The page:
Why does using an associated type break variance

This code is distilled from a variation on the implementation of BTreeMap. I've defined a NodeTypeTrait trait that in turn defines an associated type E. This example largely compiles (and all the other code and tests left out here compile too), but fails at a variance unit test as shown. Yet it all compiles fine when you switch to the commented out definition of type InternalNode<T>, which in my mind simply spells out the same type. What is so special about this particular use of the associated type that it breaks variance? I have other references to the associated type (left out of this example) that work fine.

use std::ptr::NonNull;

struct LeafData<T> {
    data: T,
    parent: NonNull<InternalNode<T>>,

pub struct Node<T, E> {
    leaf: LeafData<T>,
    edge: E,

pub trait NodeTypeTrait<T> {
    type E;

impl<T> NodeTypeTrait<T> for marker::Internal {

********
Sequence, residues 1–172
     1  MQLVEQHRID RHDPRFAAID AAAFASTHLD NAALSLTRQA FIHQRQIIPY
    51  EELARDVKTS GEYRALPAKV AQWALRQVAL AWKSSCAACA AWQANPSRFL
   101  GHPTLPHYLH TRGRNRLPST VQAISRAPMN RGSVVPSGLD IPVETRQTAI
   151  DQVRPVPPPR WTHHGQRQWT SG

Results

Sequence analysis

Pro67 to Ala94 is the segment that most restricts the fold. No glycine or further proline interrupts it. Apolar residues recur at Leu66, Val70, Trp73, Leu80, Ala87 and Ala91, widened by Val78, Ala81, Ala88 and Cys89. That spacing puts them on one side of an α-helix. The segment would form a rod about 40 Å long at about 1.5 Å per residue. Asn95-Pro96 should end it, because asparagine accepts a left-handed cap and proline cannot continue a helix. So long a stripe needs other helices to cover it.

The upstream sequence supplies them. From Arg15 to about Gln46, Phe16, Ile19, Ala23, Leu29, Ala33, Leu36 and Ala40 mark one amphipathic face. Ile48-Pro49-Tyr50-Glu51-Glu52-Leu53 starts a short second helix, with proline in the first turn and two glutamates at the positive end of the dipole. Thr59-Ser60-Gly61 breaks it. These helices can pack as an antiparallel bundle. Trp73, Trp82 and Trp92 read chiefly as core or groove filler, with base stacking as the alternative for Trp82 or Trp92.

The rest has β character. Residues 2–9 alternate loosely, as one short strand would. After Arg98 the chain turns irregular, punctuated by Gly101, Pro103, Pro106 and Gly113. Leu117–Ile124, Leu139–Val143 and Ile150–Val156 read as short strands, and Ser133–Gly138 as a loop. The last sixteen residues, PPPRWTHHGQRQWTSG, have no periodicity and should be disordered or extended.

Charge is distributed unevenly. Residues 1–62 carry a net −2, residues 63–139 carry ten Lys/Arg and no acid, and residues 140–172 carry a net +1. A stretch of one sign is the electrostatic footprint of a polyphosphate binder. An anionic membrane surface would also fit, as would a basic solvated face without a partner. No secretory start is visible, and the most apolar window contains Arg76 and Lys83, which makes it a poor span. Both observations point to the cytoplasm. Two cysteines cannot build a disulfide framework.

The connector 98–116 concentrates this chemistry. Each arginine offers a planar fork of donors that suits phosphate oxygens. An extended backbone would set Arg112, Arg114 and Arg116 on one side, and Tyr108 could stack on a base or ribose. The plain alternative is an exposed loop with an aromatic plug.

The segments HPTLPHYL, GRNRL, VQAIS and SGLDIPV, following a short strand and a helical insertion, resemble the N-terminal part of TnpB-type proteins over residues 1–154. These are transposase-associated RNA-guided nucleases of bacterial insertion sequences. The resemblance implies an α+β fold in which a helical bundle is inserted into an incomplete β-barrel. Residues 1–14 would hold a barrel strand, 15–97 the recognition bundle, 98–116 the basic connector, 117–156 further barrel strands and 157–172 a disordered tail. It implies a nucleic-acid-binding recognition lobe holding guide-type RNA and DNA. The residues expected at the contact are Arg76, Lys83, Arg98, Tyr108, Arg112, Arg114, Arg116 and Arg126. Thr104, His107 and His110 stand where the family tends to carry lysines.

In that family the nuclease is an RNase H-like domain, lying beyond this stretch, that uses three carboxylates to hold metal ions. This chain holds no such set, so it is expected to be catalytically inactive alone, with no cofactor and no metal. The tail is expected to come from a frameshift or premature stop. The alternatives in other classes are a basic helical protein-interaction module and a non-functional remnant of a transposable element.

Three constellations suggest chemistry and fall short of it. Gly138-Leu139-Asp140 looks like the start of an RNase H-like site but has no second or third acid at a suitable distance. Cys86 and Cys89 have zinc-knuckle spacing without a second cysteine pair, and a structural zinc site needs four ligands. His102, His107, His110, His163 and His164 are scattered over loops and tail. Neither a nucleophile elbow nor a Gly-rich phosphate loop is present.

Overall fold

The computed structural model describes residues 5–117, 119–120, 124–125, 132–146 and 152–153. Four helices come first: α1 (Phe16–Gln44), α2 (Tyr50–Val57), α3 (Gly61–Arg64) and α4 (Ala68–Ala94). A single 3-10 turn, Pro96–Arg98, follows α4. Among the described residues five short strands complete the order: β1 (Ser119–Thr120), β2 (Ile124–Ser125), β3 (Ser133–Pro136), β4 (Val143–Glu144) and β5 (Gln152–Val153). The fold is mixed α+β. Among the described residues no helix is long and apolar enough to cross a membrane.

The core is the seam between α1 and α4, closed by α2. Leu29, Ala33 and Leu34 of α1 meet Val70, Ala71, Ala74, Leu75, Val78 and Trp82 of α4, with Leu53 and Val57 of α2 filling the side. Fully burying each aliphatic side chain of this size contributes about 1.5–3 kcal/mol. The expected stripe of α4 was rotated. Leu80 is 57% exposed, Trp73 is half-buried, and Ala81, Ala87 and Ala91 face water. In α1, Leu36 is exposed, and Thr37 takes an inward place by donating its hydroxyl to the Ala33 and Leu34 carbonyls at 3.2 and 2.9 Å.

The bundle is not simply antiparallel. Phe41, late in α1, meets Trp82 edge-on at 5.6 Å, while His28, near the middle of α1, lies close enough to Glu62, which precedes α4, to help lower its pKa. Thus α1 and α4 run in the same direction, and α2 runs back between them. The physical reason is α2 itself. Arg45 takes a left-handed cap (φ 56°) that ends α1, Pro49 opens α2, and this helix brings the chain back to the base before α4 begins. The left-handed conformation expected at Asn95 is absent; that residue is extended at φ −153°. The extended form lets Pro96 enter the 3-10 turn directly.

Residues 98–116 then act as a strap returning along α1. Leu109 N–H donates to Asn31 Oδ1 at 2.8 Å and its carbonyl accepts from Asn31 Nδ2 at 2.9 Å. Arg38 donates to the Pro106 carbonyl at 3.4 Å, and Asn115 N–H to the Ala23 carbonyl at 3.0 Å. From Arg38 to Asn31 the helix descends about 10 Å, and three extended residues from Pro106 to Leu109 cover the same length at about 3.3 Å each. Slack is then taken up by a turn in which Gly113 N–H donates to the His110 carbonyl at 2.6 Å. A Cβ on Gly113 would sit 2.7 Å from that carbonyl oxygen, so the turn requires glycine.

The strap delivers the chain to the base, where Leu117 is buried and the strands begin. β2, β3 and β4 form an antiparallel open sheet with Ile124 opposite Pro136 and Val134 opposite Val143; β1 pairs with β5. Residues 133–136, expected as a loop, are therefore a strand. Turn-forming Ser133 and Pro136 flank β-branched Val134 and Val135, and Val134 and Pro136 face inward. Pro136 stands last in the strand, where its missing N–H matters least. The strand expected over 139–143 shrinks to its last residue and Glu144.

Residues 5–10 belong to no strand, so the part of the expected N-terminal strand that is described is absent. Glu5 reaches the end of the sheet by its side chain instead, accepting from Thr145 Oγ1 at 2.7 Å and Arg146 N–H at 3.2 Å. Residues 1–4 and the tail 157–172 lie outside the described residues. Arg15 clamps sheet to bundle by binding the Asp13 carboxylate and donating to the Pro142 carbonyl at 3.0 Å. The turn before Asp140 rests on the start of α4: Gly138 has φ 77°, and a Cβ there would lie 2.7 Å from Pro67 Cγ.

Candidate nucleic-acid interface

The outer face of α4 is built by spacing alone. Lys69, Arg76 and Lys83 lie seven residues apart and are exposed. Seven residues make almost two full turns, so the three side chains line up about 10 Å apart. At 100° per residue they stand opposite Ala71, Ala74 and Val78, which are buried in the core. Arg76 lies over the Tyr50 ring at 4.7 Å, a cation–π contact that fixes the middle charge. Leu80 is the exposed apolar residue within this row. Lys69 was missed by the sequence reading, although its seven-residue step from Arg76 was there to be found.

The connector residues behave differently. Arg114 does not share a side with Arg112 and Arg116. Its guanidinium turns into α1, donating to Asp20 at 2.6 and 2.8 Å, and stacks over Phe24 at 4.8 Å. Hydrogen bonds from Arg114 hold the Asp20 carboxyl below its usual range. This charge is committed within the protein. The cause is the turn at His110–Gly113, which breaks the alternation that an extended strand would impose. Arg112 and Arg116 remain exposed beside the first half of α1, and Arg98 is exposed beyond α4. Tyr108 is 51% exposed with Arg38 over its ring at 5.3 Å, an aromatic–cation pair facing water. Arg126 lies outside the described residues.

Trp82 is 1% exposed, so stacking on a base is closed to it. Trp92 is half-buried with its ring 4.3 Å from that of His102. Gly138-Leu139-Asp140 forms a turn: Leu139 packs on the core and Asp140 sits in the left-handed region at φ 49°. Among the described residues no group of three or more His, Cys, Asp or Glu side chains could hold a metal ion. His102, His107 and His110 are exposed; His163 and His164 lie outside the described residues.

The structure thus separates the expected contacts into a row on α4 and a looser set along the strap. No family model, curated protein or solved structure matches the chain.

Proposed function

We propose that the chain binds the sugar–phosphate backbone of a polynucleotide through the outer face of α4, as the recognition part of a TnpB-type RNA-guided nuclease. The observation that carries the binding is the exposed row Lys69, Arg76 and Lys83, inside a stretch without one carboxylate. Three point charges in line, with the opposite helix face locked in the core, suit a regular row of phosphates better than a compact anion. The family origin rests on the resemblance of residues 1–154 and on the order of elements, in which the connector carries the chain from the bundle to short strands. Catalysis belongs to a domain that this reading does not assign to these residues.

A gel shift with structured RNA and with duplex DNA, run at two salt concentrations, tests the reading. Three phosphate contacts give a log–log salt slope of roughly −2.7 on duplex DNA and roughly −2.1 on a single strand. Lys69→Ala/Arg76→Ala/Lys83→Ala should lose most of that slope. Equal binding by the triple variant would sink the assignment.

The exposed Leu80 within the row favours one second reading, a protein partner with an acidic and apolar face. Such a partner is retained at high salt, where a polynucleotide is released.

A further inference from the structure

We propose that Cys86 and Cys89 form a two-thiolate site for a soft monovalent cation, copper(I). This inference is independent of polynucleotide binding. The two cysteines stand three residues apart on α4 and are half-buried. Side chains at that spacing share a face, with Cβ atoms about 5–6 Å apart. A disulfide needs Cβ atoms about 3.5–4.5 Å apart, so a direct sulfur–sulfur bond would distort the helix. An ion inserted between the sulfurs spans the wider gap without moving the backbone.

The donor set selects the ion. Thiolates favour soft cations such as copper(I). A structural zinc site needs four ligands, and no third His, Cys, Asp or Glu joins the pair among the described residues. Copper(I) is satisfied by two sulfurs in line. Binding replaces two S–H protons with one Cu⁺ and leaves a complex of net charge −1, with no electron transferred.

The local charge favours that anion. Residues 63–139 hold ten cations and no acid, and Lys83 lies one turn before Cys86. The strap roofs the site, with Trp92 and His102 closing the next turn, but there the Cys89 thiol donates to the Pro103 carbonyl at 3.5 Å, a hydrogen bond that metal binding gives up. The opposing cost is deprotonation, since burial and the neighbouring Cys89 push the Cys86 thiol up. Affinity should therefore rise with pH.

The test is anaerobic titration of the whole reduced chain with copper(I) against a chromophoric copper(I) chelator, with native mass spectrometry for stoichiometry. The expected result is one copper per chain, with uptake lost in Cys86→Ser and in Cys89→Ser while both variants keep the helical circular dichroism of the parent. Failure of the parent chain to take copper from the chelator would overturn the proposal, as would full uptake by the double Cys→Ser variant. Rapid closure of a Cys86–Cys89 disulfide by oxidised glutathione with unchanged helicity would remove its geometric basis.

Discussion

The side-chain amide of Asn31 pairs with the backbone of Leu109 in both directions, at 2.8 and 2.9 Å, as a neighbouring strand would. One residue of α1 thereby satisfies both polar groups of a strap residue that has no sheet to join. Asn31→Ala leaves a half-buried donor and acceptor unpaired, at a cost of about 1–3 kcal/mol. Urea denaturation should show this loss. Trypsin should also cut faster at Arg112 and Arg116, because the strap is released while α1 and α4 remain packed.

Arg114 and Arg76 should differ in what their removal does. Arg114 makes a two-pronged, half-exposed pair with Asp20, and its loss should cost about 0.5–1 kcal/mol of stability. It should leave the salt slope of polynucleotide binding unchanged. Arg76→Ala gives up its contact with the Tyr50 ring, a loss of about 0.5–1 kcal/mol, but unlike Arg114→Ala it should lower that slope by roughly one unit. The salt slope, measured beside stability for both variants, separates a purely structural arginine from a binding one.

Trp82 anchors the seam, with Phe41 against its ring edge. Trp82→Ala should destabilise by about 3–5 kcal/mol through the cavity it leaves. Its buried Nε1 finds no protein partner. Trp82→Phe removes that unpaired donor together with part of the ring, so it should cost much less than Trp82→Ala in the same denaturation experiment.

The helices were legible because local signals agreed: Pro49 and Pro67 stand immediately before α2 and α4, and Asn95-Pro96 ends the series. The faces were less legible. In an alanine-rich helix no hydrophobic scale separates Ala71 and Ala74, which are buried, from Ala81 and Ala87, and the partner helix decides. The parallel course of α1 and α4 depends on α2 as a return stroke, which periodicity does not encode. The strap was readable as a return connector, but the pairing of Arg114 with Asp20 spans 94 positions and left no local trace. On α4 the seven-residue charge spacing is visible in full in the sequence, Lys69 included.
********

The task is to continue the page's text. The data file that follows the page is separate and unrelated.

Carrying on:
type E = BoxedNode<T>;

type InternalNode<T> = Node<T, <marker::Internal as NodeTypeTrait<T>>::E>;
//type InternalNode<T> = Node<T, BoxedNode<T>>;

pub struct BoxedNode<T> {
    ptr: Box<LeafData<T>>,

pub mod marker {
    pub enum Internal {}

pub struct BTreeMap<T> {
    root: BoxedNode<T>,

fn main() {
    fn map_key<'new>(v: BTreeMap<&'static str>) -> BTreeMap<&'new str> {



   Compiling playground v0.0.1 (/playground)
error[E0308]: mismatched types
  --> src/main.rs:39:9
39 |         v
   |         ^ lifetime mismatch
   = note: expected struct `BTreeMap<&'new str>`
              found struct `BTreeMap<&'static str>`
note: the lifetime `'new` as defined on the function body at 38:16...
  --> src/main.rs:38:16
38 |     fn map_key<'new>(v: BTreeMap<&'static str>) -> BTreeMap<&'new str> {
   |                ^^^^
   = note: ...does not necessarily outlive the static lifetime
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There's some discussion of this problem here: https://github.com/rust-lang/rust/issues/21726

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Phew, I got it working. That discussion contains the crucial hint. Applying that here, there's a twist: LeafData<T> kind of recurses back to InternalNode<T>, so the definition of InternalNode<T> needs to repeat the type anyway.

But that duplication isn't too bad and it makes the definition of Node with a Type argument, which is what I wanted anyways.